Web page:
Professor John Woolley participated on a panel of speakers at the Ronald Reagan Presidendial Library, discussing: The Presidency and the Press: From Reagan to Trump. Watch the record event here.
Ever since President Reagan’s skills on camera earned him the name of Great Communicator, a rush of changes in media has upended the way the president communicates and the way White House correspondents cover the beat. Join the Education Team at the Ronald Reagan Presidential Foundation and Institute as a panel of White House reporters, scholars, and historians break down how this relationship works, what it means for our democracy, and how the press corps respond to 5 am Tweets.
Panel of speakers include:
Moderator: Margaret Talev, President, White House Correspondents Association
- Lou Cannon, Author and Former White House Correspondent, Washington Post
- John Woolley, Presidential Historian, UC Santa Barbara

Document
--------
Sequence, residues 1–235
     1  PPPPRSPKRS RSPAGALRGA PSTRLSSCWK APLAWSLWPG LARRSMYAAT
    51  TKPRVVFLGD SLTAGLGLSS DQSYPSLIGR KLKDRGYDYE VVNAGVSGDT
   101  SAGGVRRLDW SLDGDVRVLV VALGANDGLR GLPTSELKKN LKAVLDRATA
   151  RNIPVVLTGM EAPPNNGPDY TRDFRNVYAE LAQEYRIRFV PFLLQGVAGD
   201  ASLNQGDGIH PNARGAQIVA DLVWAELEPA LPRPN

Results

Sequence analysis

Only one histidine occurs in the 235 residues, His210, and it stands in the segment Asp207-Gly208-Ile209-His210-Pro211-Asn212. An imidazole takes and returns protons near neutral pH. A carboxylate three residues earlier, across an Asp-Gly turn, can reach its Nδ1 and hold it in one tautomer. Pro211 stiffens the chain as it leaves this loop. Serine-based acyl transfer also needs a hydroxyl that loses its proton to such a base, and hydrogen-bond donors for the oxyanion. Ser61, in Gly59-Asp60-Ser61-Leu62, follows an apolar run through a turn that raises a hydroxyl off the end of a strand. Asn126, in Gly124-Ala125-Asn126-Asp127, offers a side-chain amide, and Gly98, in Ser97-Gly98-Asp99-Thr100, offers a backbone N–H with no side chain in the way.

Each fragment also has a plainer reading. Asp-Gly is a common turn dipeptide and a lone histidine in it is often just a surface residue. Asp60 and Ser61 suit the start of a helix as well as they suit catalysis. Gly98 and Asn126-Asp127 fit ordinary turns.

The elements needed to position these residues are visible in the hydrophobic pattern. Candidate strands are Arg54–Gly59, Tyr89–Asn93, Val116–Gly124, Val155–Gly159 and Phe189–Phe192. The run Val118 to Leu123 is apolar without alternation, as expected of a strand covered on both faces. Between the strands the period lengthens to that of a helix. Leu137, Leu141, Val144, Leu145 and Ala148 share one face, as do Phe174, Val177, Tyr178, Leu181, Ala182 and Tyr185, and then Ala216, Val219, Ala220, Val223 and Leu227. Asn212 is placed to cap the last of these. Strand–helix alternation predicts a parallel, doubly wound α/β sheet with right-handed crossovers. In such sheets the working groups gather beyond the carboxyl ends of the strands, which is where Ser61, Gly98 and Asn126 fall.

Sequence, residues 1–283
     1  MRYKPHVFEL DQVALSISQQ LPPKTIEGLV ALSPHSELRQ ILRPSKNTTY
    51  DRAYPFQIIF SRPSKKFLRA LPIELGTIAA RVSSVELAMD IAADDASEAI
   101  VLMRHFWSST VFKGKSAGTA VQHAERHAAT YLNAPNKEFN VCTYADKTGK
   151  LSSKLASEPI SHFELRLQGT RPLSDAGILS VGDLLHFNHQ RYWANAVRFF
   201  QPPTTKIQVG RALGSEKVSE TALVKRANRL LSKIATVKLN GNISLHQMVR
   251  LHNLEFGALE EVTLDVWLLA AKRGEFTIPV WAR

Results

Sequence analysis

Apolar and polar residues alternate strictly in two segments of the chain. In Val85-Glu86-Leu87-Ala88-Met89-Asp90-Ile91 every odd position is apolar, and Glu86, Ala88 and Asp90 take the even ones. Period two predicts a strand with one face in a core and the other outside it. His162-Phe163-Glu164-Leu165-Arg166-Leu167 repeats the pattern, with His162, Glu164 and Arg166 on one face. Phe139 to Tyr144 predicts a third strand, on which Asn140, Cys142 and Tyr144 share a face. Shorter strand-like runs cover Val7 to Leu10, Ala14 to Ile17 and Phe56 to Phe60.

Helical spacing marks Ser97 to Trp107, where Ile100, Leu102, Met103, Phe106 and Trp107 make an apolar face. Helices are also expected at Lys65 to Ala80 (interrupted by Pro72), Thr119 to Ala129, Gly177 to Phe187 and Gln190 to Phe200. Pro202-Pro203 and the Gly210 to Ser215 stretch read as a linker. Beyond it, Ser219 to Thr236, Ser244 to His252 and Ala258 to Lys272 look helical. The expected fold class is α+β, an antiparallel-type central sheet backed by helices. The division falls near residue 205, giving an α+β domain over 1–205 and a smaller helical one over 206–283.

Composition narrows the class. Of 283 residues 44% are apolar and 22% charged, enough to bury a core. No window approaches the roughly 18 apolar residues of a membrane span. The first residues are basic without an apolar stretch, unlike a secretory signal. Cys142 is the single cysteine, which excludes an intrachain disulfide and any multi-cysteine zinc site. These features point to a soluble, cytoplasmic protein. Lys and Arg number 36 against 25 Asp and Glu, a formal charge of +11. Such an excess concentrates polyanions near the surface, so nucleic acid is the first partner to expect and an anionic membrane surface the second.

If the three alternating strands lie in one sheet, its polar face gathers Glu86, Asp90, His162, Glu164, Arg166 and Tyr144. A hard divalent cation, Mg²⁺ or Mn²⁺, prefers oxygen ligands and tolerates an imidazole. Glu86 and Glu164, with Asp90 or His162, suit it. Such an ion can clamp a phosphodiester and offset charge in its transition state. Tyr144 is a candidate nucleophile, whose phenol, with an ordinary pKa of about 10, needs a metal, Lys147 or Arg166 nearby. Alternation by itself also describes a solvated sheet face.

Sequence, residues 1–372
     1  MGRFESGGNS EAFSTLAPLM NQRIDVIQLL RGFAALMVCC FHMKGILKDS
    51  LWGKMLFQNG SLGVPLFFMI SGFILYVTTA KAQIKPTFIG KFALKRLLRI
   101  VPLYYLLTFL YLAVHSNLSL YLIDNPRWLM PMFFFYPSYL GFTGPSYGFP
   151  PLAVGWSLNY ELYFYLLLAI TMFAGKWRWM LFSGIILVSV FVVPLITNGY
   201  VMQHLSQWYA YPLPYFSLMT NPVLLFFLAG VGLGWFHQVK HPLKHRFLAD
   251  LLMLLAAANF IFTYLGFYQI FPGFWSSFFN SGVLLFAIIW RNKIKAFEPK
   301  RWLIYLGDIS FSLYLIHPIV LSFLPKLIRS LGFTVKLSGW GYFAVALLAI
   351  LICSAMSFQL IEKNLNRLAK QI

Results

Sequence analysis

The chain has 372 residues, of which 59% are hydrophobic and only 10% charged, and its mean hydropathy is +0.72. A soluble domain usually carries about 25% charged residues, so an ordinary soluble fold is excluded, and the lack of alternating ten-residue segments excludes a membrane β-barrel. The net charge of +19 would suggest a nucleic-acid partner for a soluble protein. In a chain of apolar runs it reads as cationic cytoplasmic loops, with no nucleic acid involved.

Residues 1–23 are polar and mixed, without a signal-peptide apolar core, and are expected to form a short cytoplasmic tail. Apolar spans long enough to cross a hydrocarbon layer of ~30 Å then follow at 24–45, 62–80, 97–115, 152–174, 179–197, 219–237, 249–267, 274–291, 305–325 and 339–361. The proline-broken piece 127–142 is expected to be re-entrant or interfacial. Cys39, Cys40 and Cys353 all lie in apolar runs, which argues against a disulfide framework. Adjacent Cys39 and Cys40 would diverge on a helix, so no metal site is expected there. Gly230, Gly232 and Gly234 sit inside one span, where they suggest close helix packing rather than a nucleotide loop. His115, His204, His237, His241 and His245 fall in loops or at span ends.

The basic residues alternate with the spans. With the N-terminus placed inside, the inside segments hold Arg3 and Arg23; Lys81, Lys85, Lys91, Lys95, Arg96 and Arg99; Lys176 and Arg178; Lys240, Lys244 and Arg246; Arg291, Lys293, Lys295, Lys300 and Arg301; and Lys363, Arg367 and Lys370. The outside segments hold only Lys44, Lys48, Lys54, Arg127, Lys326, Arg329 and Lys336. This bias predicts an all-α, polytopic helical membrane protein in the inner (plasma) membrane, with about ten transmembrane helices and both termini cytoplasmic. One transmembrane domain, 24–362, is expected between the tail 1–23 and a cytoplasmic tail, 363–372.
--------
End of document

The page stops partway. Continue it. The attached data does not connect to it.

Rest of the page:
- Jonathan Karl, White House Correspondent, ABC News
This event was co-sponsored by the White House Correspondents’ Association.
John Woolley is Professor of Political Science at UC Santa Barbara and Co-Director of the American Presidency Project website—the premier web repository of presidential public papers.
For years, Professor Woolley's research has had two substantive foci. One is the American presidency, especially presidential communication and unilateral action. The other is US monetary policy and financial regulation.
The award-winning American Presidency Project was founded in 1999 in partnership with Gerhard Peters and is hosted by UCSB. Extending well beyond Presidential "public papers," the APP collection includes, for example, political party platforms, candidate debate transcripts, candidate statements and press releases and OMB-issued "Statements of Administration Policy." Woolley has drawn on this database for analyses in scholarly publications and reported through the APP itself. The APP has millions of users world-wide ranging across scholars, school-children, speech-writers, film-makers, journalists, and political junkies.